Rafael Nadal only has a single clay title to his name this season. (Julian Finney/Getty Images)
With the 2014 French Open starting Sunday, May 25, here are some of the biggest storylines to follow.
Rafael Nadal is not a lock for his ninth French Open title.
We have to be careful when we use the phrase "wide open" to describe this year's French Open. It's hard to ignore the fact that Nadal is 59-1 over the last nine years in Paris, with his sole loss coming to the big-hitting Robin Soderling on a cold, wet day in 2009. But this is the first time he'll start the French Open with three clay losses and just one European clay title for the season (he won the Madrid Open after Kei Nishikori retired in the third set). In the final major tune-up event, last week in Rome, Nadal slogged through three straight three-set matches before eventually getting upended by Novak Djokovic in the final. The world No. 1 has shown signs of slippage, but winning three sets against him on clay still remains the toughest task in tennis.
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Novak Djokovic looks (again) to complete his career Grand Slam.
Djokovic has been knocking on the door in Paris for the last three years, but could this finally be the year it all comes together for him? In 2011, Djokovic came into the tournament undefeated, having dispatched Nadal in straight sets in Madrid and Rome, but he fell to Roger Federer in the semifinals. In 2012, he made his first French Open final but lost to Nadal in a rain-interrupted, two-day match. Last year, he had a break lead on Nadal in the fifth set of the semifinals but was beaten 9-7.
Djokovic is 2-0 against Nadal this season and 4-0 since losing last year's U.S. Open final. And as if he needed additional motivation, he'll be playing for more than himself in Paris, as his homeland is facing historic flooding. He dedicated his Rome title to Serbia and donated his prize money to relief efforts. It will be weighing on his mind again at Roland Garros.
Serena Williams is defending her first Grand Slam title of the season.
It hasn't been a bad season for Williams by any standard other than her own. She lost a combined two sets en route to titles in Brisbane, Miami and Rome. But losses to Ana Ivanovic (Australian Open), Alize Cornet (Dubai) and Jana Cepelova (Charleston), along with an injury withdrawal in Madrid, kept interrupting her momentum. Williams, 32, is all about the Grand Slams at this stage of her career, and winning the French Open for the third time is exactly what she needs to feed her motivation for Wimbledon and the U.S. Open. If Williams wins at Roland Garros, she would tie Chris Evert and Martina Navratilova for second place in the Open era with 18 major titles.
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Maria Sharapova goes for her second title in Paris.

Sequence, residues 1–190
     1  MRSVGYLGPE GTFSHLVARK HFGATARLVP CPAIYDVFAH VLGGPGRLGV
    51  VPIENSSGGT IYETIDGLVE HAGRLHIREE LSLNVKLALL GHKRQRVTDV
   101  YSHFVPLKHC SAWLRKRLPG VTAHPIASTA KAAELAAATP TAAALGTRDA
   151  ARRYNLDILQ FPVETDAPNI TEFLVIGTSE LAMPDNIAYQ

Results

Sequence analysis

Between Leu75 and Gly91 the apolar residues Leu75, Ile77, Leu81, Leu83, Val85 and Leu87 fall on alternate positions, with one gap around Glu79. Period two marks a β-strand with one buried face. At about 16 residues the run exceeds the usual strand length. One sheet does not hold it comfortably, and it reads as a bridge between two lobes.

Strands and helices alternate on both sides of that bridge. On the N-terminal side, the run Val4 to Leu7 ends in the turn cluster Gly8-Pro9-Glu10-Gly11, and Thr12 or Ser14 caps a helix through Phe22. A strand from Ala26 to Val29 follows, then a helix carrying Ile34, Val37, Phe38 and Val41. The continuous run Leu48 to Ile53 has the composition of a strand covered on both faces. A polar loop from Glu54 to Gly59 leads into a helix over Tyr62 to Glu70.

Sharapova, who completed her career Grand Slam at Roland Garros two years ago, is the favorite behind Williams and would be poised to capitalize if Serena loses early. The Russian has lost to only two players on clay in the last three years -- Serena in the 2013 French Open final and Ana Ivanovic last week in the Italian Open. That loss to Ivanovic wasn't necessarily a bad thing, as it gave her more time to rest for Paris after winning back-to-back titles in Stuttgart and Madrid.
Simona Halep has climbed to a career-high No. 4 WTA ranking. (Clive Brunskill/Getty Images)
Will there be a Parisian surprise?
A handful of players are poised to challenge the favorites. For the men, that includes Federer, No. 3 Stanislas Wawrinka and last year's finalist, David Ferrer. Wawrinka showed his mettle in winning the Monte Carlo Masters last month, while Ferrer beat Nadal in Monte Carlo and came close to doing the same against Djokovic in Rome.
On the women's side, Ivanovic and new No. 4 Simona Halep are clay-court stalwarts who are ready to deliver in Paris. Halep took Sharapova to three sets in the Madrid final. Ivanovic, who lost to Sharapova in the Stuttgart final, got revenge at the Italian Open before pushing Williams to three sets in the semifinals. Also, keep an eye on Australian Open champion and 2011 French Open winner Li Na, who has played solid tennis in her two lead-up events.
Keep tabs on the youth revolt.
One of the biggest storylines coming out of the Australian Open was the progress of youth on tour, whether it was Eugenie Bouchard's run to her first Slam semifinal or Grigor Dimitrov testing Nadal in his first major quarterfinal. The men, in particular, have kept rolling, with Milos Raonic and Kei Nishikori pushing into the top 10 and Dimitrov not far behind them. All three have played well on clay this season, though the biggest question mark is Nishikori, who retired from the Madrid final with a back injury and skipped the Italian Open.
For the women, Bouchard has been up and down since Melbourne, but she made the semifinals in Charleston and is into the semifinals this week in Strasbourg. Clay isn't her favorite surface, but it rewards her battler's instincts. The other young name to track is Caroline Garcia. The 20-year-old Frenchwoman showed in her terrific Fed Cup performance against the United States that she won't shy away from being asked to fly the flag, and she's playing well above her ranking of No. 46.